We have been thinking about the strong US dollar and its likely effects on the US economy over time. So far, there is some moderation in the data that mainstream economists and financial media focus on. The December ISM report on manufacturing moderated, with particular focus on 'New Orders', Wage growth has failed to take hold, Jobless Claims bumped up last week above expectations and Existing Home Sales came in well lower than forecast by economists.

But generally, the picture is still okay, albeit wavering. Oh, the Consumer is giddy. Okay, well... we have been in an 'as good as it gets' phase so why shouldn't he get out there and run up his credit card a little?

The point is, we have expected a couple things...

  1. The relentless strength in USD to eventually wear away at US manufacturing and exports (this maybe be in its very early stages) and...
  2. A year-end phenomenon in the US Machine Tool industry to remain unbroken. This would see a spike in December's Machine Tool sales primarily due to reasons other than the economy.

The usual sources in the mainstream economic analysis sphere are looking at the usual economic data sets. We will watch those, but to be as early as possible in getting real economic signals we need to watch the Canaries that started the whole economic upswing as we noted in real time in January of 2013; Semiconductor Equipment and by extension, manufacturing in general. These led by a country mile the now readily observable economic revival.

Machine Tools sales are due for a spike and we have identified one company (NFTRH+, reviewed next segment) as a short after the year-end sales bump and continued stock price appreciation. We also have another company from the long side (NFTRH+, also reviewed next segment) for a trade. Company #1 is a standard US based machine tool builder with a lot of competition and Company #2 is also based in the US, but has far less competition for its unique product line. Back on the main topic...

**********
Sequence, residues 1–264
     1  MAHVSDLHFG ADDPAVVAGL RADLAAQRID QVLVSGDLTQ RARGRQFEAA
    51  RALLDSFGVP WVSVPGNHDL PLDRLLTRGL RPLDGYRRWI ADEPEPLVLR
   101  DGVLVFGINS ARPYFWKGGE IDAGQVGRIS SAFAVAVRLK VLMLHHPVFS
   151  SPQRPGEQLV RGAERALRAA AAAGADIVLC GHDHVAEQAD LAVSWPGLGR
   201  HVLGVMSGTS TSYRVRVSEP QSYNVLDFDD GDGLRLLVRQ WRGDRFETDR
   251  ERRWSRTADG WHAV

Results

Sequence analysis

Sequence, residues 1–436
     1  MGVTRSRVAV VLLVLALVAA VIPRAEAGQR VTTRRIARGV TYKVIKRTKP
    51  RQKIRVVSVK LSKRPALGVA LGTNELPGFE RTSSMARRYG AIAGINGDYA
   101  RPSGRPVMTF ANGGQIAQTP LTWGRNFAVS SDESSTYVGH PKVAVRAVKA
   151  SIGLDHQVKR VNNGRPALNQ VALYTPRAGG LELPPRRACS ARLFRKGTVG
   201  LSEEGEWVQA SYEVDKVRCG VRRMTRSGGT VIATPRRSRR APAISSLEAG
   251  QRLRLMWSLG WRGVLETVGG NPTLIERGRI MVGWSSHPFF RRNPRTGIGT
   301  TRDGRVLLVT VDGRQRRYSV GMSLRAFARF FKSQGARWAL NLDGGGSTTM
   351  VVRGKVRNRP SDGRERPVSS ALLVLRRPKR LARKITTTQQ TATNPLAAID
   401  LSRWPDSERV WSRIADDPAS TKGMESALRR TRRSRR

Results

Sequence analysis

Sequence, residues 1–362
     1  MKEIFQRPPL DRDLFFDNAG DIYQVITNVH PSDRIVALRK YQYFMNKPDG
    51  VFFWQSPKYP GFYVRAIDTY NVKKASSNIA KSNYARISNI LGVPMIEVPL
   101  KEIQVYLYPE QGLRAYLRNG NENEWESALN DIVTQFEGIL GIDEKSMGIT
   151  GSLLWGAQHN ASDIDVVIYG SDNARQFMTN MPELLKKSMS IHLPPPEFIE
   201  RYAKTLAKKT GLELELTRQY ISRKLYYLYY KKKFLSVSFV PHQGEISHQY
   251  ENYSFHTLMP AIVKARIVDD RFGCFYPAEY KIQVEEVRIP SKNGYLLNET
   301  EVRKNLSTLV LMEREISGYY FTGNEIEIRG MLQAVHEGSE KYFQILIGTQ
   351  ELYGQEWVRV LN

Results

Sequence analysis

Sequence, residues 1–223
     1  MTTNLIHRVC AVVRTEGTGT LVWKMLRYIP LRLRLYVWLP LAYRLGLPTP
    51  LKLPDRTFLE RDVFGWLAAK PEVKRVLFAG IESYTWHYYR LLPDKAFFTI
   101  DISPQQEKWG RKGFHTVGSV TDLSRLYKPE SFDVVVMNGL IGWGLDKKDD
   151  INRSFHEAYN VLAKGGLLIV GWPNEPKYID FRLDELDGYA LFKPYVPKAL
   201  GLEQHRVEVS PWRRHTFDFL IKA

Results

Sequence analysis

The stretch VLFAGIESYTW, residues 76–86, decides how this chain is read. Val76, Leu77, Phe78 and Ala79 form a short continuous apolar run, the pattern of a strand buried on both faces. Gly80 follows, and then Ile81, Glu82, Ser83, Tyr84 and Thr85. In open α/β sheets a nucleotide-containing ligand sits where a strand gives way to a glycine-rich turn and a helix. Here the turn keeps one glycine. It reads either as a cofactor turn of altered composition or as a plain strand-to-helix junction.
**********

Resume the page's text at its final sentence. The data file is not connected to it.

Bottom Line

Certain economic data have softened in recent weeks in line with the idea that an impulsively strong US dollar can start to fray the edges of certain industries and sectors. But we will await confirmation by the Canary that started it all in January of 2013. SEMI just reported a very decent Semiconductor Equipment b2b and the Machine Tool segment is due for its traditional year-end bump.

If these prove to have been seasonal bumps, perhaps trades can be made but more importantly, we may yet get some confirming negative economic data points a little further into 2015. We should watch future ISM, b2b and Machine Tool sales closely.

 


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Gary Tanashian

Author: Gary Tanashian

Gary Tanashian
http://www.nftrh.com